Mary Gostelow finds Lupin a master of disguise, in Paris

Girlahead goes in search of Suite 813

This is a tale of a suite that does not exist. To save those of you who have Netflix-fan clients, there is a need to try to book Park Hyatt Paris-Vendôme’s suite 813 – it was specially concocted for the second Lupin series, streaming now.

“We were forced to close because of the pandemic,” says the 156-room hotel’s flamboyant Italian GM, Claudio Ceccherelli (pictured below). He points out that meant the Netflix production crews were able to have the run of the seventh floor property without inconveniencing any guests, or vice versa. It also allowed the temporary re-numbering of one door with 813 numbers.

Lupin, as millions worldwide already know, has the wacky style that fits beautifully with French heart-throb Omar Sy. He not only plays Lupin, he IS Maurice Leblanc’s fictional gentleman thief Arsène Lupin. The continually-surprising script by Brit George Kay, whose French is primary school, and François Uzan ranges at lightning speed from Algerian desert to on-board TGV fist-fights, to a black-tie soirée at Park Hyatt Paris-Vendôme. To show how addictive the fast-moving show is, I know one top hotelier who binge-watched the entire series, all night long.

Ceccherelli says regular guests are really enthusiastic about the exposure of this under-the-radar luxury hotel, and new bookings are coming in fast, especially from Asia. These first-timers will find the discreet entrance, at 5 rue de la Paix, leading north from Place de Vendôme, belies stunning interiors. Once home of couturier Jeanne Paquin, it is still a living gallery of all the arts.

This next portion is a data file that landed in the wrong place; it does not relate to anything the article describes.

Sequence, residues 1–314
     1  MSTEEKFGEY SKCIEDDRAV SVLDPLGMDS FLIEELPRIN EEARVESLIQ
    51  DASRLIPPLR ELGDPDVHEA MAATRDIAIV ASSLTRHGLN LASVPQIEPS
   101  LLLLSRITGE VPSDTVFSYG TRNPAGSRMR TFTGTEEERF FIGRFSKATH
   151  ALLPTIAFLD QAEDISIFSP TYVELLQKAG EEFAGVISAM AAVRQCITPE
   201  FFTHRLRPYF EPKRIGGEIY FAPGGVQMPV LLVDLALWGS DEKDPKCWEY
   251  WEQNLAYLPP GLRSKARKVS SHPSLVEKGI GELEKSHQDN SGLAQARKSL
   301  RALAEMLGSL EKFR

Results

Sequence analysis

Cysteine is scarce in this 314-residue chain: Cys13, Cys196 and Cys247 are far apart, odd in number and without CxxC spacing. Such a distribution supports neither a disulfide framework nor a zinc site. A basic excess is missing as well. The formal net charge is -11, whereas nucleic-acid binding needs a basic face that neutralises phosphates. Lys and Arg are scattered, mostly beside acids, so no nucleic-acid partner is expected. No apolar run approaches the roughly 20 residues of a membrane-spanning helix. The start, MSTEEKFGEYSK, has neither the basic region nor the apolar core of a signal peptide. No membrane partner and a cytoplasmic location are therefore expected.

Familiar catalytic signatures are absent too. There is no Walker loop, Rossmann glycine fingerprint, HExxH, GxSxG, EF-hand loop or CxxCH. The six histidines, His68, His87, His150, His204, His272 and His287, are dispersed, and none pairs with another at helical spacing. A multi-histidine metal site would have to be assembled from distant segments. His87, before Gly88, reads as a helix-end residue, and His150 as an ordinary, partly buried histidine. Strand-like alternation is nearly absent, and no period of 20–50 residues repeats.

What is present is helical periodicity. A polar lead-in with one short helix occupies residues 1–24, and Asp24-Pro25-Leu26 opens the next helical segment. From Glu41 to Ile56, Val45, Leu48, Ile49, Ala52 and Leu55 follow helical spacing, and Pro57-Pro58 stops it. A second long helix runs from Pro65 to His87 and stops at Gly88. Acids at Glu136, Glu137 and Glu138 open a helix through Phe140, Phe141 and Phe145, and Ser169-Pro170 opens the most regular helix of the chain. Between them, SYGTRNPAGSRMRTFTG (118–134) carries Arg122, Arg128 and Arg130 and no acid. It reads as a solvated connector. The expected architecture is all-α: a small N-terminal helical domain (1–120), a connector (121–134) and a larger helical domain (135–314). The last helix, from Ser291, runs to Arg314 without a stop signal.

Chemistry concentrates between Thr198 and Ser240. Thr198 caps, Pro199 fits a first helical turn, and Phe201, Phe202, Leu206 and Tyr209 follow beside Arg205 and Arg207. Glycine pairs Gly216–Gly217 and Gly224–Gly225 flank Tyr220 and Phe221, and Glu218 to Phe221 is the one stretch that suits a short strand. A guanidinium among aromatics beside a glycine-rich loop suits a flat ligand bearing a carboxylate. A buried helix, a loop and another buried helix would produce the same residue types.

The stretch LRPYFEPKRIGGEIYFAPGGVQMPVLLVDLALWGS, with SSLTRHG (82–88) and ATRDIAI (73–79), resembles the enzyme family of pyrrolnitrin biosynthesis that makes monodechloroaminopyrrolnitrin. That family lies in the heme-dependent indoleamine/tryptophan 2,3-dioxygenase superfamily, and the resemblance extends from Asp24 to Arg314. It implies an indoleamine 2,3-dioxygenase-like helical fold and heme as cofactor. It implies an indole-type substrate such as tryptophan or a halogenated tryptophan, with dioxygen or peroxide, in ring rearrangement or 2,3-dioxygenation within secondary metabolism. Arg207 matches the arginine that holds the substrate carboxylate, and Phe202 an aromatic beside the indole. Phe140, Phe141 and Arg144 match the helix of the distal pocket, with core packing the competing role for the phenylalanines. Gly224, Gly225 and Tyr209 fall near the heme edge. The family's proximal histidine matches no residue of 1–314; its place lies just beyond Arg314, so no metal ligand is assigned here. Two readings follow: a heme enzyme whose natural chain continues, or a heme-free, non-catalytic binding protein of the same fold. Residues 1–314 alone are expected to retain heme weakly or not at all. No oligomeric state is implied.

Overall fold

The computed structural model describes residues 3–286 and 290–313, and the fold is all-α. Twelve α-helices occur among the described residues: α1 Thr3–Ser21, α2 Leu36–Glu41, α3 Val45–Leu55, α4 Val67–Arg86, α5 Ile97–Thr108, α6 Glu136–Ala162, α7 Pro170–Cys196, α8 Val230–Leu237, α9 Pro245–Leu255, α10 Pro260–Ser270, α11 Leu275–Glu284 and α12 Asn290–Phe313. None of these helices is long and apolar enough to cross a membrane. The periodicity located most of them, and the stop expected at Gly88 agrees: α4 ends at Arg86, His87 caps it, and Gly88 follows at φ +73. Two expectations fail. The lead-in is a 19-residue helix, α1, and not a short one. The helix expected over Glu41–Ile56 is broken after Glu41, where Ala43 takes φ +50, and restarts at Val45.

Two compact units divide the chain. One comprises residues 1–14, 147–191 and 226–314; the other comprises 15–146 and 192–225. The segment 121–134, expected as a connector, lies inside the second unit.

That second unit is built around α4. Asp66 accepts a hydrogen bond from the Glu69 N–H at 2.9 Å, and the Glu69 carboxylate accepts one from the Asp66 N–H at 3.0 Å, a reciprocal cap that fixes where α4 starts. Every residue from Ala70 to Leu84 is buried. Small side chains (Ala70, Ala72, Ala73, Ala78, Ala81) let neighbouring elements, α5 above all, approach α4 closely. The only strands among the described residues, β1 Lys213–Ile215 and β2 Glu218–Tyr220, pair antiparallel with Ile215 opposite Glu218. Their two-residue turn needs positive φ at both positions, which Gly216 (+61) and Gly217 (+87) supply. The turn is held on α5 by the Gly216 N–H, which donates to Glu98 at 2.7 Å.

Designer Ed Tuttle – who did ‘monumental’ for the inside of Park Hyatt Milano – has here gone for shades of coffee-cream. Add the literally hundreds of Roseline Granet’s tiny flying-angel gold sculptures that form, say, closet handles in bedrooms, plus wall art chosen by the cultural attaché to the US embassy and you appreciate luxury, Park Hyatt Paris-Vendôme style.

Ceccherelli seasonally turns the 1891-vintage building’s central courtyard into, perhaps, an alpine hut, complete with gluhwein and raclette – or, perhaps as now, a summer terrace with an aura of Amalfi. I actually like courtyard-facing rooms, say #221, which I shared with eight of those little angels – choose the second floor duplex Impériale Suite if you want most space (230 square metres).

Lupin’s son Raoul, by the way, was held by kidnappers up on the ‘eighth floor’ while daddy, disguised as a kitchen steward, evaded the police back of house among storage trolleys. Were he to return, I am sure Lupin would do as I won’t, breakfast and lunch under the skylight windows of the lobby lounge. Dining might well be fresh Brittany abalone at Michelin-starred Pur’ – Jean-François Rouquette, or perhaps, in winter, such comfort foods as coq au vin, or fish and chips in front of the lobby’s two-way fire.

And before checking out, I would buy souvenirs, branded for the hotel but, once again, so discreet. 5 rue de la Paix perfume has been blended by ‘nose’ Christophe Laudamiel, President of the Academy of Perfumery and Aromatics, and the hand-rolled silk scarves and neck ties compete with any of the best Hermès. Next time at Park Hyatt Paris-Vendôme, Lupin will undoubtedly present a completely different look, disguised under a froth of 5 rue de la Paix designer wearables.

Mary Gostelow publishes the daily and a unique weekly 15-minute industry Mary Gostelow Girlahead Podcast, both part of Almont Global.

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